I was reminded of this and its immense popularity once again in the form of a choice made by Loving Korean readers when asked to choose Kpop song they would most like to see turned into a guide on learning the language with lyrics and song. I took your favorite song and written
By popular vote INFINITE’s “The Chaser” won, and the sheer amount of people that visited the site during those few days of voting reflect how popular Kpop really is and how enthusiastic its fans are.
And I believe that unwavering enthusiasm is the most powerful tool for learning a new language.
However, a word of caution: lyrics are poetry. They do not need to abide to grammatical rules nor do they necessarily represent the language as it is spoken. It is good to keep this in mind when using Kpop lyrics to learn Korean vocabulary.
Critics of learning Korean through Kpop assume that daily communication with Koreans is the end goal of every learner. But people learn a language for different reasons. Actually I would be willing to bet there are more people learning Korean in order to understand K-pop songs and watch K-dramas than those that will get an opportunity to travel to Korea or make Korean friends and learn the language in order to communicate with them.
The advantage of learning a language through songs is that they probably have higher repetition value than any other learning method. How many times are you willing to go through the same grammar lesson in a textbook? Two times? Five times? Ten? Yet you can easily listen to your favorite song hundred times without it feeling like a chore.
Whatever your goal is, it’s fine learning Korean from K-pop. Just make sure it’s not your ONLY source. Which actually can be said for any other source as well. Mix it up.
Korean apps and games
While there are many apps for learning many different aspects of Korean language, from alphabet to grammar, among Korean vocabulary games I find those that help you learn Korean numbers the most useful.
Learning numbers is not difficult, even Korean numbers which use two different systems. But sitting calmly and jotting down numbers from a textbook where you have all the time in the world to recall each number is very different than hearing the numbers spoken in conversation and recalling them fast enough to be able to follow what is being said.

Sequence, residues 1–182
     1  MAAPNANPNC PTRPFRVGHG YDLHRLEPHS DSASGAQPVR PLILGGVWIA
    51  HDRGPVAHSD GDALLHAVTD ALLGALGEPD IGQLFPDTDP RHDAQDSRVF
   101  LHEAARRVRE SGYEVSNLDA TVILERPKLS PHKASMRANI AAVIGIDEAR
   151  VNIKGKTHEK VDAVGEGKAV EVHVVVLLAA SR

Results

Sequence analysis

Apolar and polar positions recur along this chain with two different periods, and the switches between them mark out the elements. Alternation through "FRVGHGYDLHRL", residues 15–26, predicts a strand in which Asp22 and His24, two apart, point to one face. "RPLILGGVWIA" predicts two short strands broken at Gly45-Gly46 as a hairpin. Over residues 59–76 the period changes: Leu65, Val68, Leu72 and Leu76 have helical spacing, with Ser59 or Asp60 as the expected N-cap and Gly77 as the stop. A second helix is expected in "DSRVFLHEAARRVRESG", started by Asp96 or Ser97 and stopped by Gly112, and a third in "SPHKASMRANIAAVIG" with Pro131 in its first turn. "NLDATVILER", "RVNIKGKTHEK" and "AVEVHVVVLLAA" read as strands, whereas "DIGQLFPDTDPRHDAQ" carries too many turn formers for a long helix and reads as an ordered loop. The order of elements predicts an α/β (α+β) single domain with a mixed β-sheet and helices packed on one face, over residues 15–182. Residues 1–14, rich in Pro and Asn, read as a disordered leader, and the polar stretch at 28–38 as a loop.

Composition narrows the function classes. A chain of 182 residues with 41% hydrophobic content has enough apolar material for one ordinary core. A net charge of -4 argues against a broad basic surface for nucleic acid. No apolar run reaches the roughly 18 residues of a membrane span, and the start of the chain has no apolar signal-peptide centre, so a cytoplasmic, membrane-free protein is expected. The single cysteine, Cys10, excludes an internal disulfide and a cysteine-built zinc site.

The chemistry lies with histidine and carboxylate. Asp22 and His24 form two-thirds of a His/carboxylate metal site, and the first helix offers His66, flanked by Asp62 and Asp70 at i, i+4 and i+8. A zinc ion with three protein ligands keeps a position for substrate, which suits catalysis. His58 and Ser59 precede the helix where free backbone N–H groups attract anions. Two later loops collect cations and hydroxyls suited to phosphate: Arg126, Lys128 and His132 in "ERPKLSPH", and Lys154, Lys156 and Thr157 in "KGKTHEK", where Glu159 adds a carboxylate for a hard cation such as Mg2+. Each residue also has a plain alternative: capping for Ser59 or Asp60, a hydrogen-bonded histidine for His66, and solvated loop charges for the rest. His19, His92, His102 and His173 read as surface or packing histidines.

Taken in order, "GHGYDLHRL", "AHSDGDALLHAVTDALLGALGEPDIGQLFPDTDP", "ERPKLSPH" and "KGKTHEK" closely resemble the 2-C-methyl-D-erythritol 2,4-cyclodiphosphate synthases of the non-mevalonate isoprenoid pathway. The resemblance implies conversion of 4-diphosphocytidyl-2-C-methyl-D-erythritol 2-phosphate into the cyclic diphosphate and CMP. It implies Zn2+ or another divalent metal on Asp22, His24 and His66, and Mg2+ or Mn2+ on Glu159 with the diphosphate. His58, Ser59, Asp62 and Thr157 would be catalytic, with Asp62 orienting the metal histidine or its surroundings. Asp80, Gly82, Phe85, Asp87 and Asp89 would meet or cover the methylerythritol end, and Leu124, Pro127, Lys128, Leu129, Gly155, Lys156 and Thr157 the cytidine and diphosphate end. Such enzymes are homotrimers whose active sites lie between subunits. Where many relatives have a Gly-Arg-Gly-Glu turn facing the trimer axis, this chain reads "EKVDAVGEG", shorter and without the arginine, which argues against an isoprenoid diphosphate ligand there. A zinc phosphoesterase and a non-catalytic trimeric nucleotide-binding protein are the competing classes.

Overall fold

I was very proud for getting 100% correct answers each time I translated numbers. But first time I tried to understand someone saying a number I was in trouble. “Was it 3 or 4? 삼 is 4. No, wait, 3. Ok, that’s 3… What did she say next? Ten thousand. Ah, 30 thousands… Wait, slow down! Which number came next???”
The most efficient way for me to speed up was to use Learn Korean numbers games. They are fast-paced and force you to recall numbers quickly which is great exercise for real life.
I liked these the most:
LEARN KOREAN NUMBERS, FAST! This app has a short explanation about Korean numbers as well as two beginner lessons where by clicking you can hear the correct pronunciation of Native or Sino-Korean numbers.Practice of Native Korean numbers runs up to a hundred, and Sino-Korean numbers all the way up to ten million, the largest I ever encountered in an app. Every exercise has audio. You can turn on or off English Romanization displayed alongside Hangul.There are three modes of practice: from numerals to Hangul, from Hangul to numerals, and from Korean audio to numerals. The big downside is lack of automatic checker for the first two modes. You are given a number, and a hidden answer which you reveal by clicking a button. It would be very nice if you could input your answer and have the app automatically check if you were correct as well as track the percentage of correct ones.There is also an extra practice in telling time.Learn Korean Numbers is available on Android, iPhone and the Apple iPad. LEARN KOREAN BUBBLE BATH FREE This app only covers Native Korean numbers. The bubbles in the game start from the bottom of the screen and float upwards. You have to select them one by one and match them with numbers in the margins, whether it’s Korean to English, English to Korean, Romanization to English, etc. As you progress through the game the bubbles speed up. You start off with 5 health points represented with hearts. If you lose all five of them you have a chance to retry that level.Numbers are pronounced every time you select them, and there is a mode where nothing is written on the bubbles and you only get to hear them which is good for honing your listening skills. Last level is mixed audio and text.There are options to choose difficulty, which as far as I could tell, influences just the speed of bubbles.The app overall is the most pleasant one I encountered, both in the sound and picture quality, as well as Arirang background music. It is unfortunate that it covers only native Korean numbers up to 10. But it does have other word categories too like animals, body parts, etc. KOREAN BUBBLES! Out of all other app games this one forced me to be the most concentrated and had the best selection of game modes. However, it is also the least pleasant to look at and actually made me nauseous a few times even when I turned off the background and slowed the bubbles down. I did play on large tablet screen so maybe that won’t be an issue on smaller phone screens.The options to choose from are Native Korean numbers, Sino-Korean Numbers, both of which run up to a hundred, and colors. There are 4 different options, either from 1 to 10, or from 1 to 99. And they go both ways Korean to numerals or numerals to Korean. This app keeps your score and has highscore list.Settings offer different speeds, number of questions in each round (5, 10, 20, 50), and backgrounds, including a blank black one. KOREAN HANGUL NUMBERS This app is a take on the viral 2048 game.While you may have fun playing this game it is unlikely you will learn much as there is no audio for pronunciation, no Native Korean numbers, and you can just match the tiles visually without even having to consider which numbers they actually represent.Still, a nice fun past-time while giving you the feel like you are not venturing far away from your Korean studies.